One of my all-time favorite weekly rituals is meal planning, and it doesn’t have to be difficult if you’re just getting started. I sit down every Friday to make a meal plan for myself that is fascinating, practical, varied, and, most importantly, something I look forward to.
I feel lost if I don’t have a plan! You’ll discover my step-by-step method for simple meal planning in this article. A manual like this would have been helpful when I initially started. All of this had to be learned the hard way.
Meal planning helps people eat healthier and saves them money and time. You can prepare precise grocery lists and waste less food if you have a well-thought-out meal plan because you’ll know exactly what you’ll use each component for rather than just buying things and finding out their usage later.
How does meal planning work exactly? Simply defined, it involves organizing all of your family’s or your own meals for the coming week. We are all in favor of making life a little easier and healthier by just planning ahead. Don’t worry if you have never tried meal planning and the thought seems intimidating. The subject of this article is novice meal planning. Before getting into the steps, we’ll first talk about the advantages.
Here’s the list of steps for beginners of meal planning:
STEP 1: Take an Overview of your Calendar
(Photo from istock)
It’s crucial to look at the coming week and see what you have planned since our schedules can alter every week. Do you need to schedule any happy hours, dinner dates, or work meals? Even if you don’t yet have specific plans, do you tend to meet up with friends on weeknights at random? If so, prepare for that! Plan fewer dinners at home if you anticipate dining out a couple times after work.
Or perhaps you prefer ordering takeaway during the week but are not social. It’s crucial to avoid planning EVERY meal. Leave some of the mealtimes open to allow for spontaneity or to prevent over planning if something unexpected occurs.
Only schedule meals for Monday through Friday, when we are busier with work or school. The weekends should be unscheduled! Calculate the precise amount of meals you’ll need for the upcoming week. Without this knowledge, you won’t know how much food to purchase or how many portions you’ll need.
STEP 2: Check your Pantry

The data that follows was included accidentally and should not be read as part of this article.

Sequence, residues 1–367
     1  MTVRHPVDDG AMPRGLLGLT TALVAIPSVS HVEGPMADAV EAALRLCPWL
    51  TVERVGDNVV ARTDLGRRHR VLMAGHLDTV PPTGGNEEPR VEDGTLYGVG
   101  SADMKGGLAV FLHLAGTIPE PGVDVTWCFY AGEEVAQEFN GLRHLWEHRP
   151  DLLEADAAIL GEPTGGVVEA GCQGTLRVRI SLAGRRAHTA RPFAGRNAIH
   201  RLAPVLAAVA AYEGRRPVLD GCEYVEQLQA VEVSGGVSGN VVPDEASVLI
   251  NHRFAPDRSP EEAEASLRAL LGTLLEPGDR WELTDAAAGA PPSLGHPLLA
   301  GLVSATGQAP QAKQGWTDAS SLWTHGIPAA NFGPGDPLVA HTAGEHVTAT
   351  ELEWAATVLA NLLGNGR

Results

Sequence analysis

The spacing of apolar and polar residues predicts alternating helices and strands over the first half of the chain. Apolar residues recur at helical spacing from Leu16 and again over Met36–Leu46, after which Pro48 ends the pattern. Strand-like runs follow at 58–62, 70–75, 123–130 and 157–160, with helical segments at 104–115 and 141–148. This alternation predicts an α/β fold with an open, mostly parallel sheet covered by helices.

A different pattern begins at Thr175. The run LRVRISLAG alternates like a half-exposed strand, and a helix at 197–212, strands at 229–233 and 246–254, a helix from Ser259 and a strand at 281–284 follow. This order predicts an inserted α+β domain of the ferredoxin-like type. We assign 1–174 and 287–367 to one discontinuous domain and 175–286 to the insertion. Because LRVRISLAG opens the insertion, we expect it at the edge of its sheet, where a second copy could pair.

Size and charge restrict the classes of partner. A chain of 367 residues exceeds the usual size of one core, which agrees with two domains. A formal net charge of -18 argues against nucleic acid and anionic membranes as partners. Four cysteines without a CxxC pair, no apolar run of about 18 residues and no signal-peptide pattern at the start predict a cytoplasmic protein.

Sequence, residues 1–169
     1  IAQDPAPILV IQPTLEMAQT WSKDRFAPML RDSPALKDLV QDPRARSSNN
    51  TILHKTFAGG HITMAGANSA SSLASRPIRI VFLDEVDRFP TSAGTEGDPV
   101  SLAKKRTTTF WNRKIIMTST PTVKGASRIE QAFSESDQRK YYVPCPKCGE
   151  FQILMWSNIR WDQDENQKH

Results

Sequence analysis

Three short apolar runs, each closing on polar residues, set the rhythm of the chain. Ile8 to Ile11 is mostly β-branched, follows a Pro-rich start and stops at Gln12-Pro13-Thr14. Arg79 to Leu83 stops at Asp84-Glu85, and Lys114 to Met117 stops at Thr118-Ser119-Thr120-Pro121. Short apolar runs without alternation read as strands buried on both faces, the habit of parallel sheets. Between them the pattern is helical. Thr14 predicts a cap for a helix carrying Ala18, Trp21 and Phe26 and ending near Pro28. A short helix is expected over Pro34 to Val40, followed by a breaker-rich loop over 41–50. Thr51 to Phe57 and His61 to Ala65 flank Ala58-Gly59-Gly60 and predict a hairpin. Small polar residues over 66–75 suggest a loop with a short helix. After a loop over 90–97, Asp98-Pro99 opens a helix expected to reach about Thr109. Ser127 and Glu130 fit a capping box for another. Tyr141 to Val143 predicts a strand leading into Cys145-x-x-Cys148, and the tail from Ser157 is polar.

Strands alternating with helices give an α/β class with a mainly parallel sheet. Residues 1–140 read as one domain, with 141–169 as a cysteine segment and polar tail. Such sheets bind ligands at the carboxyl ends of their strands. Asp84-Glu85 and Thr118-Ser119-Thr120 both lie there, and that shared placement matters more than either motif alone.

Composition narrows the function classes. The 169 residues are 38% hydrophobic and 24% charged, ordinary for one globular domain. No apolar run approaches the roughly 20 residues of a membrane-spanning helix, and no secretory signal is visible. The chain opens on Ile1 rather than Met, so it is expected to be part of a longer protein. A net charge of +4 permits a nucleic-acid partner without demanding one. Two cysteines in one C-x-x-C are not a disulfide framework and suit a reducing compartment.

To use up what you currently have, start by shopping your pantry and freezer. By doing this, you can cut back on your food expenses and save money at the store the following time. Check out our top suggestions for freezer meal preparation if you want to start stocking your freezer but aren’t sure where to begin.
Make a note to look up meals that will use your abundance of canned beans. What happens if you have a lot of pasta? Meals with pasta are always ideal for the workday. Have you discovered any frozen ground Turkey in your freezer’s back? That protein works well in a variety of dishes.
STEP 3: Choose Recipes
Although it takes the longest, this step in the meal planning process is the most enjoyable. It’s simple to become lost in a Pinterest rabbit hole, and before you know it, three hours have been spent gazing at ornamental fruit pies.
Your lifestyle will determine a great deal of the dishes you make. Although I adore meal planning, you can completely do it even if you don’t prepare meals in advance. Alternately, you may combine meal planning (perhaps simply for breakfasts) with cooking one-off dinners and consuming leftovers for lunch.
Stews, chilies, pasta dishes, curries, sheet pan meals, stir fries, burrito bowls, enchiladas, and casseroles are the easiest and most fundamental meals to prepare. With these kinds of dishes, you truly can’t go wrong! Salads, wraps, and no-reheat meals are also an option; they just require a bit more care and attention in the refrigerator.
STEP 4: Make a Planner to put meals and recipes
(Photo from istock)
Prepared your recipes? Great, it’s time to enter them into your calendar now. You may either use this free beginner’s meal planning template online or write it down by hand!
Simply put down the meals you intend to eat on the day/time you want to consume them to complete this simple task! Plugging in meals is less about determining what specific food to eat when and more about making sure you’ve selected enough meals with enough diversity for you.
It’s more important to be certain that you’re selecting the proper number of meals—not too many so that you have too many leftovers, and not too few so that you’re constantly looking for anything to eat.
Look at the ingredients in the dishes you selected for the week and list them while creating your grocery list.
STEP 5 Make a list for grocery
Okay, we’re nearly done. It’s time to construct a grocery list now that you have your recipes! Because I can work on my meal plan and grocery list on my laptop and it syncs with my phone, I maintain it in Google Sheets. I won’t ever forget my grocery list this way (unless I forget my phone at home, which is exceedingly improbable). Look at the ingredients in the dishes you selected for the week and list them while creating your grocery list.
Check your pantry before you go shopping to make sure you don’t buy anything twice! When I arrived home from the supermarket, I discovered a hardly used bottle of a sauce that I had brought home in a brand-new bottle.
STEP 6: Go for Shopping
(Photo from istock)
You’re done now. It’s time to go shopping now that you have a plan and a list. For the time being, you don’t have to think about eating. You should give your brain a rest!
I certainly hope that these steps on meal planning for beginners will certainly prove useful.
Looking for perfect age gap between siblings, click on the link below for some prior knowledge: